The United Nations has confirmed its receipt of a Gambian decision to rescind its withdrawal from the Rome Statute that governs membership of the international Criminal Court.
The Gambia, along with South Africa and Burundi, delivered instruments of withdrawal to the Secretary General last year but following the election of Adama Barrow as President, that decision has since been reversed.
Africa remains divided on the wholesale withdrawal from the Court.
The Secretary General’s Deputy Spokesperson, Farhan Haq.
On February the 10th, the Permanent Mission of the Republic of The Gambia to the United Nations delivered to the Secretary-General notification of the country’s rescission of its withdrawal from the Rome Statute of the International Criminal Court.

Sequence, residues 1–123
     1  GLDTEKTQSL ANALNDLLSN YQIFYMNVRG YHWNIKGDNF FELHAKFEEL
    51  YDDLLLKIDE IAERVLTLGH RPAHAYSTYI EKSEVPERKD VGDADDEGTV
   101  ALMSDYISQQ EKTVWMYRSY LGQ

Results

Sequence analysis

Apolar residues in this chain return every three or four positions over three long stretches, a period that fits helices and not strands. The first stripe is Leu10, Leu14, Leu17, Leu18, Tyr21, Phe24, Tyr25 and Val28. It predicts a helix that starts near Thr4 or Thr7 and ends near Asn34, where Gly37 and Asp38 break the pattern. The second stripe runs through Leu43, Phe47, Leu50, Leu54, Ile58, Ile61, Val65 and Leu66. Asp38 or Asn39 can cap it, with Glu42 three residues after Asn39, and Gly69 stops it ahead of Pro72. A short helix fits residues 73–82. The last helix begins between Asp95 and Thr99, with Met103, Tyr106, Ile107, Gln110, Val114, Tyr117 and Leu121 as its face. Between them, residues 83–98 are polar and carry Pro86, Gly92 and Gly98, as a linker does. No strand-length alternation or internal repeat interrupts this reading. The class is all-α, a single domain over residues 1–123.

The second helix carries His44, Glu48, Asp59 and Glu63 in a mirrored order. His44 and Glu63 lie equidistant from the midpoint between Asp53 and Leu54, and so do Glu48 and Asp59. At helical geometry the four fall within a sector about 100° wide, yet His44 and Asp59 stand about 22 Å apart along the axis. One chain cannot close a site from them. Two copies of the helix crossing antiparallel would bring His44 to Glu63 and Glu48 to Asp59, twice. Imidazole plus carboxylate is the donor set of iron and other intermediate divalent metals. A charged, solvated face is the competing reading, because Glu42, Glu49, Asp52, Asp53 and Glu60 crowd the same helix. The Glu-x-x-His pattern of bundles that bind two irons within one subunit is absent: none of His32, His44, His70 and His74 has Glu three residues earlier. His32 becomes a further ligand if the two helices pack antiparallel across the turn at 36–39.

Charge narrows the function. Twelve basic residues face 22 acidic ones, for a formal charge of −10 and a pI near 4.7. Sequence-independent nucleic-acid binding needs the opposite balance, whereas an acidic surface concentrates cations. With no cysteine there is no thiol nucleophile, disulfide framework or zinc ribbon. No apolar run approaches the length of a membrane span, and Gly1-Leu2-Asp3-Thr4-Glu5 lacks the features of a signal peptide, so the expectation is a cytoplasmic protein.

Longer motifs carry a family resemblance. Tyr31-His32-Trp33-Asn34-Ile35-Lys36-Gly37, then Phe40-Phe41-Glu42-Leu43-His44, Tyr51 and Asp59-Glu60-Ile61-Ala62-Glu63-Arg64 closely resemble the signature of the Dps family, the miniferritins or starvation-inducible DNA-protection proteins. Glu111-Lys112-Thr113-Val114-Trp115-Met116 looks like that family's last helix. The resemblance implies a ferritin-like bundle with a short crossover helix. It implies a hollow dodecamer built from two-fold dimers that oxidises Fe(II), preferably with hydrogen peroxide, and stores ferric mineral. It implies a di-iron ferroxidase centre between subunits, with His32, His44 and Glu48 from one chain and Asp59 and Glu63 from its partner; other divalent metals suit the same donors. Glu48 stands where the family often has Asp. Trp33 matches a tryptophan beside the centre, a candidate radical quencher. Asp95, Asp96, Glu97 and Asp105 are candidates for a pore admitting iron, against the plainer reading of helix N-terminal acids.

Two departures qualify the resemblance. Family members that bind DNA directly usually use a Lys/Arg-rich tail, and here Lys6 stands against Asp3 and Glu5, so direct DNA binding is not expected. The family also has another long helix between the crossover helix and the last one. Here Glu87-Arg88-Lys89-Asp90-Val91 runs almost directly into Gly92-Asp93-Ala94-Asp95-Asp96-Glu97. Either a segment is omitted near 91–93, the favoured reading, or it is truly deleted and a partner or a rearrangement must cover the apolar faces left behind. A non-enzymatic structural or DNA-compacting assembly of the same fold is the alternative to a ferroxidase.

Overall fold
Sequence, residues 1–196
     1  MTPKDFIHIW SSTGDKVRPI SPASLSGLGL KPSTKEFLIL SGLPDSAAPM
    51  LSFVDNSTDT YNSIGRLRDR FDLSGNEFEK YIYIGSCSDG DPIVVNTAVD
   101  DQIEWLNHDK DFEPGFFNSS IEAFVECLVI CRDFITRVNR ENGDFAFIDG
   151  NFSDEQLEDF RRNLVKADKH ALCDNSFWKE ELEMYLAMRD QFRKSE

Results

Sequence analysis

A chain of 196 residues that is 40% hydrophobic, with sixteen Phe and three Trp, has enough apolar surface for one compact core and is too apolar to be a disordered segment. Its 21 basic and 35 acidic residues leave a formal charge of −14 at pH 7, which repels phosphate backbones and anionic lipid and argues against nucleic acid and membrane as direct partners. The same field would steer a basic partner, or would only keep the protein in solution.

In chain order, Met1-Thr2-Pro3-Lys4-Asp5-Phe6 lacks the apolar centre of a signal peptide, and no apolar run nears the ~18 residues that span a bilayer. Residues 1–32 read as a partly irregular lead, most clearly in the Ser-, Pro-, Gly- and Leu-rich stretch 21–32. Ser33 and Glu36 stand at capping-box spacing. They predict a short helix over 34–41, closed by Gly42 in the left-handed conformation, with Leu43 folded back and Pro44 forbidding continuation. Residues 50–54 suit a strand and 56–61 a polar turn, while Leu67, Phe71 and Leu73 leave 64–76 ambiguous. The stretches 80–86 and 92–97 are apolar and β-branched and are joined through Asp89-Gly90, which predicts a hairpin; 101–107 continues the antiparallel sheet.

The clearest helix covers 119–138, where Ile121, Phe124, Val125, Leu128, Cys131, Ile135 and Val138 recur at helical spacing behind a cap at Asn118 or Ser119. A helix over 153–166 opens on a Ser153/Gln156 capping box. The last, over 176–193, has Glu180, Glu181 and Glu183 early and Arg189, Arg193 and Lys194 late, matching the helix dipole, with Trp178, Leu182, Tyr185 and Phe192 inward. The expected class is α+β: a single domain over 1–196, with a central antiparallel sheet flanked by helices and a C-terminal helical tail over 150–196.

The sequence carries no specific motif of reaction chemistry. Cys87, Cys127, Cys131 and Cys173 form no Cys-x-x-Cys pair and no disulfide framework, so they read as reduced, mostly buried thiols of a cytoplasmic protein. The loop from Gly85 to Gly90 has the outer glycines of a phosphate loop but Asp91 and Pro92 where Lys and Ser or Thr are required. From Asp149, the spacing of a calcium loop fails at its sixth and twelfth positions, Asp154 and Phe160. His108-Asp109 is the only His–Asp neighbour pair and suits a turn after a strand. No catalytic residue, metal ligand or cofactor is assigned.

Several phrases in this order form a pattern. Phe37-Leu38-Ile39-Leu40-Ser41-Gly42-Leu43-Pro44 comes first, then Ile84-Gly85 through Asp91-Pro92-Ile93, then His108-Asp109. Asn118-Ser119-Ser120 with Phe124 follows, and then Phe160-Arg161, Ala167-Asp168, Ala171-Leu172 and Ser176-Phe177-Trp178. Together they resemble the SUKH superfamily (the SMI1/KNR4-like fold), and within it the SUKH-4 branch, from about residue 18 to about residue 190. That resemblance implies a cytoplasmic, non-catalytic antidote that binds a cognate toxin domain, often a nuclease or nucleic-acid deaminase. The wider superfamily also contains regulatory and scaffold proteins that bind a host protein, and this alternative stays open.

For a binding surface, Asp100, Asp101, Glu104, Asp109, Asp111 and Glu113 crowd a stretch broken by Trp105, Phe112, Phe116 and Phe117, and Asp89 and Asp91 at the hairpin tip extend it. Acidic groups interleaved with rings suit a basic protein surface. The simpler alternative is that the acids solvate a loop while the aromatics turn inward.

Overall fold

The Gambia had formally notified the Secretary-General of its withdrawal from the Rome Statute on 10 November 2016,
a decision which the Secretary-General deeply regretted.
Over the past two decades, the world has made decisive strides towards building a truly global system of international criminal justice, of which the ICC is its center piece.
The Gambia, like so many other African States, played a major role in the negotiations leading to the adoption of the Rome Statute and was among its first signatories.
The Secretary-General welcomes that The Gambia will remain a State Party to the International Criminal Court’s founding instrument, and remains confident that States Parties will continue to further strengthen the Court through a constructive dialogue.
– By Sherwin Bryce-Pease